Nats expect another Winter Meetings of reluctant patience

NASHVILLE – Members of the Nationals organization arrived at the Gaylord Opryland Resort throughout the course of Sunday afternoon and evening, every one of them eager to see what transpires during this version of the Winter Meetings while simultaneously acknowledging the most frustrating part of the situation: It’s not quite time yet for the Nats to go all-in.

More than four years removed now from their World Series title, the Nationals are itching to return to their prior status as an annual contender. But while they’ve made significant progress since embarking on their franchise rebuild midway through the 2021 season, they’re not done yet. And that probably means another frustrating winter of patching a few roster holes without making any real long-term commitments to free agents.

The Nats, to be sure, have talked to a number of free agent targets. And they will sign a few of them sometime this winter. But they are not expecting to be major players at these meetings, which will see other clubs go for broke in pursuit of Shohei Ohtani, Juan Soto and others.

After improving from 55 wins in 2022 to 71 wins this season, the Nationals know they must take one more critical step before jumping back into the deep end of the free agent pool. Sure, they could make a big move now, like they did back in December 2010 when they signed Jayson Werth for $126 million despite losing 93 games that season. But they appear to be more inclined to wait one more year before going that route this time around.

Why? Because while their won-loss progression the last two seasons may mirror 2009-10, the organization is in a distinctly different position these days.

The 2010 Nationals had a young Ryan Zimmerman, a young Ian Desmond and two young starters who recently had Tommy John surgery in Stephen Strasburg and Jordan Zimmermann. But the farm system at that point had just-drafted No. 1 pick Bryce Harper, injury-prone 2007 first-round pick Ross Detwiler, defensively gifted infielder Danny Espinosa and diamonds-in-the-rough Steve Lombardozzi, Tyler Moore and Michael A. Taylor.

The 2023 Nationals had a young CJ Abrams, a young Keibert Ruiz, a young pitching duo in MacKenzie Gore and Josiah Gray, plus Lane Thomas, Luis García and Jake Irvin already in the big leagues and Cade Cavalli rehabbing from Tommy John surgery. Plus Dylan Crews, James Wood, Brady House, Robert Hassell III and Yohandy Morales all at Double-A.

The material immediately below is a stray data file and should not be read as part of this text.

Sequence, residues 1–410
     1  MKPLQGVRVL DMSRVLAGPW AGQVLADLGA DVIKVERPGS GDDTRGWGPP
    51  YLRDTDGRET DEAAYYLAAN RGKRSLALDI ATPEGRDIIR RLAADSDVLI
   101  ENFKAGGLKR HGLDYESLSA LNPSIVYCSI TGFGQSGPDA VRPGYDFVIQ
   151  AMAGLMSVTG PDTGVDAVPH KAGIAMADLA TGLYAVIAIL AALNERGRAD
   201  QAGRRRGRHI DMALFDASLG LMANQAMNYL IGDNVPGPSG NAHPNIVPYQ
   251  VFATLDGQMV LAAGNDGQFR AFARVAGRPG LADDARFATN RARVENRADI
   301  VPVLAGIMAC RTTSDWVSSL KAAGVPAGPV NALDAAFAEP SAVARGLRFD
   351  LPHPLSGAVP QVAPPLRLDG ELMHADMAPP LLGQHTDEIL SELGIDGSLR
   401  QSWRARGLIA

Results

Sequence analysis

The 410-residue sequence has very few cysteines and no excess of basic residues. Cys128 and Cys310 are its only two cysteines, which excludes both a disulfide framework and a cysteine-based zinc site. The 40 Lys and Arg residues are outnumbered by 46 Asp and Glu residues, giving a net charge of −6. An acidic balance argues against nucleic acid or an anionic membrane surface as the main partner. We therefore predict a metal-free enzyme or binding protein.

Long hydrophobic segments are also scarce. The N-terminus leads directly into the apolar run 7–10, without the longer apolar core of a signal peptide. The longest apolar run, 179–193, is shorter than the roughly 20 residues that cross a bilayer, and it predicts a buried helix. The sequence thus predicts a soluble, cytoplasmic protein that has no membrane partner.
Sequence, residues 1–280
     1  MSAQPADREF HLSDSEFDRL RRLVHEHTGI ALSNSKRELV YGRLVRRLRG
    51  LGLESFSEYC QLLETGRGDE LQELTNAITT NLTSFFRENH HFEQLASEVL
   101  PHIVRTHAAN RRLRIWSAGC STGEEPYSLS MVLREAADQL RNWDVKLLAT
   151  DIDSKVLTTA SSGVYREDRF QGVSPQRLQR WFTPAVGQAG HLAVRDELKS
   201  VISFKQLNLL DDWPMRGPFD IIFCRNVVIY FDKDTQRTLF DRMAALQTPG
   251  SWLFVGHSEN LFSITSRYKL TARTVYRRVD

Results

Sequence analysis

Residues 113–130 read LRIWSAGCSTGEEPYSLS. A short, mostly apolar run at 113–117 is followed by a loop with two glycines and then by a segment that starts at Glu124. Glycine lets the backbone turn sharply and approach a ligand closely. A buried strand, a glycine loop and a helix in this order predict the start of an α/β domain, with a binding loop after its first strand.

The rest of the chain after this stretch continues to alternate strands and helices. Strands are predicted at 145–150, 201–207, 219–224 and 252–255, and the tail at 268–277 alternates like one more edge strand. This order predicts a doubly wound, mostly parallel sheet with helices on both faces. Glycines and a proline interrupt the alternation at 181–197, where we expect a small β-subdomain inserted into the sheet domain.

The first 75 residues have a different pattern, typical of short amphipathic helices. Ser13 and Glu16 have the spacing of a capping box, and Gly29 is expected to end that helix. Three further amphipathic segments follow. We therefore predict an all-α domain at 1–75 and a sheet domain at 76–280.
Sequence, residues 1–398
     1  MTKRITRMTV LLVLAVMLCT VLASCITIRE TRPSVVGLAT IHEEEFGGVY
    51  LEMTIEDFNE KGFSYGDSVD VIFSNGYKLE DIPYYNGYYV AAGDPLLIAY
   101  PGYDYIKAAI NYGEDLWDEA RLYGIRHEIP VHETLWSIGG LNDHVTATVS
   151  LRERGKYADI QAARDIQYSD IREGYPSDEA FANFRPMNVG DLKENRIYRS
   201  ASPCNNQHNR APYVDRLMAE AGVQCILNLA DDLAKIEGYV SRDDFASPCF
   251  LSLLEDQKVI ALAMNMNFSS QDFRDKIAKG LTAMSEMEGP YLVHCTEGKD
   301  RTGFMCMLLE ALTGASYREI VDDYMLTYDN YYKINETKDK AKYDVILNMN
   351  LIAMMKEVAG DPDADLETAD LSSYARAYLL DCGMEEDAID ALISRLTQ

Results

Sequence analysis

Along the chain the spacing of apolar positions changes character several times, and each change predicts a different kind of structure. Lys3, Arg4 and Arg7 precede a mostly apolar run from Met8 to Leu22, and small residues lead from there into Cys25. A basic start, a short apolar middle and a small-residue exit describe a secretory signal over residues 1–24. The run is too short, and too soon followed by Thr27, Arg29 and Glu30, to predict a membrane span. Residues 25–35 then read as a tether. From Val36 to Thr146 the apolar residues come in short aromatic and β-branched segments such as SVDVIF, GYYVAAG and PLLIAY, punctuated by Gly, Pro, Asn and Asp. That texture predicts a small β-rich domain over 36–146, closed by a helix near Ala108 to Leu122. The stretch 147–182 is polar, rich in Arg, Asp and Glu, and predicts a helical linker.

There is, to put it bluntly, more of a potential foundation already in place now than there was then. With every reason to believe several (if not all) of those upper-level prospects will make their major league debuts sometime in 2024.

That is why Mike Rizzo will likely force himself to remain patient through one more Winter Meetings. The idea: Wait a year to see where things really stand, which positions appear locked up for the long term and which ones still need to be addressed. Then be aggressive in filling those final roster needs this time next year.

Yes, the Nationals still need a first baseman (or designated hitter), a left fielder and a third baseman for 2024, plus maybe another experienced starting pitcher. And they will probably seek to fill those needs in the same modest manner they did last year, when they signed Dominic Smith, Corey Dickerson, Jeimer Candelario and Trevor Williams for a combined $22 million.

That will be frustrating for some members of the organization who are itching to move past the rebuilding phase and jump right to the winning phase now. But even they reluctantly agree this more patient path still makes sense.

In a perfect world, the Nats will spend the next 12 months watching more of their homegrown talent reach and succeed at the big league level. Then they’ll excitedly start writing out bigger checks for star power next December.

That’s the hope, at least. If things don’t progress as desired in 2024, those same members of the organization might just report to next year’s Winter Meetings as frustrated as ever, wondering when the time will finally come to go for it again.

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